Tuesday, June 30, 2009

Can Michelle Wie and Natalie Gulbis find happiness outside the ropes of the U.S. Women's Open? Also weight shift drill

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After watching the struggles of both Tiger Woods and Phil Mickelson (among the other great golfers) at the 109th US Open, it can be said that this was the year of the initiate, not the veteran. Lucas Glover, who had only won once in his career on the PGA Tour astounded and amazed the crowd with his steely gaze, focus and lack of emotion while both Woods and Mickelson fell short of the basic skills needed to get the job done.

One can almost compare Glover to the lovely Natalie Gulbis who has also had a single victory but who, along with Michelle Wie, failed to qualify for this year's U.S. Women's Open and may be watching from the sidelines. Will either be offering Twitter commentary? Not likely!

What separates golfers who qualify from those who don't?

When John Daly missed qualifying for the U.S. Open, he remarked that his feet were tired and the greens over in Europe were much slower than those in the States adding, "talk about not even sniffing a putt!" Solid putting, therefore, is the single most important part of any player's golf game.

Glover, who had missed the cut in three previous Opens acknowledged that his lead "can be attributed to putting and patience" and is currently "ranked seventh in putts made from between 15-20 feet."

Now, considering why Michelle Wie, for example, did not qualify for the Women's U.S. Open, she revealed that she was swinging really well but "just couldn’t get anything going, and some of the putts didn’t drop."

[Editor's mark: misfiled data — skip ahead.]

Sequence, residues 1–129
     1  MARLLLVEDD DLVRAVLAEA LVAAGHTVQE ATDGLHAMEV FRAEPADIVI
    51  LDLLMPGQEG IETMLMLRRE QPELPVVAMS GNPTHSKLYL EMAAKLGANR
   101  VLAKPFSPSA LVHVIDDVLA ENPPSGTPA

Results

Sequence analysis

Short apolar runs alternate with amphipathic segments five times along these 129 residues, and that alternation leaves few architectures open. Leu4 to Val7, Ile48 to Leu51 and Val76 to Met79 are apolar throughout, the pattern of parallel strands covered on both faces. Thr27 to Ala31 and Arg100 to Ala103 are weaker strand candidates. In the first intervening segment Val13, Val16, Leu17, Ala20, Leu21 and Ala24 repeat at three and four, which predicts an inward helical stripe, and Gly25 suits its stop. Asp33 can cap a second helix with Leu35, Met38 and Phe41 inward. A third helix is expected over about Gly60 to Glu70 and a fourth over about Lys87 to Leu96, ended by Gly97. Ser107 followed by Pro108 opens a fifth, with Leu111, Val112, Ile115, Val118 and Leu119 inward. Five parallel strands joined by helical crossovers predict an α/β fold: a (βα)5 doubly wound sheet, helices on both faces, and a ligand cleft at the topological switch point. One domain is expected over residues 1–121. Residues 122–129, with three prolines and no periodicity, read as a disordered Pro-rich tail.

Should the USGA bend the regulations to assist the LPGA (and NBC) retain a slipping fan base or are the rules the rules? Originally, the policies stated that the top thirty golfers would be admitted to the U.S. Women's Open but now only the top ten automatically qualify. Well, the USGA says that it is for the good of the game...

You certainly wouldn't need to bend the rules at the U.S. Open to accomodate Tiger Woods or Phil Mickelson because of the excitement factor of the entire field but, for the U.S. Women's Open, it could be the difference between increased ratings and hearing crickets chirping in the distance.

Would it have mattered if Gulbis and Wie played in the U.S. Women's Open? Not likely as both missed the cut last year. Michelle's quintuple bogey on the ninth hole at Interlachen said it all.

Golf for Beginners also discusses a weight shift drill which will allow you to stop that 'reverse C' and point your club more directly at the target.

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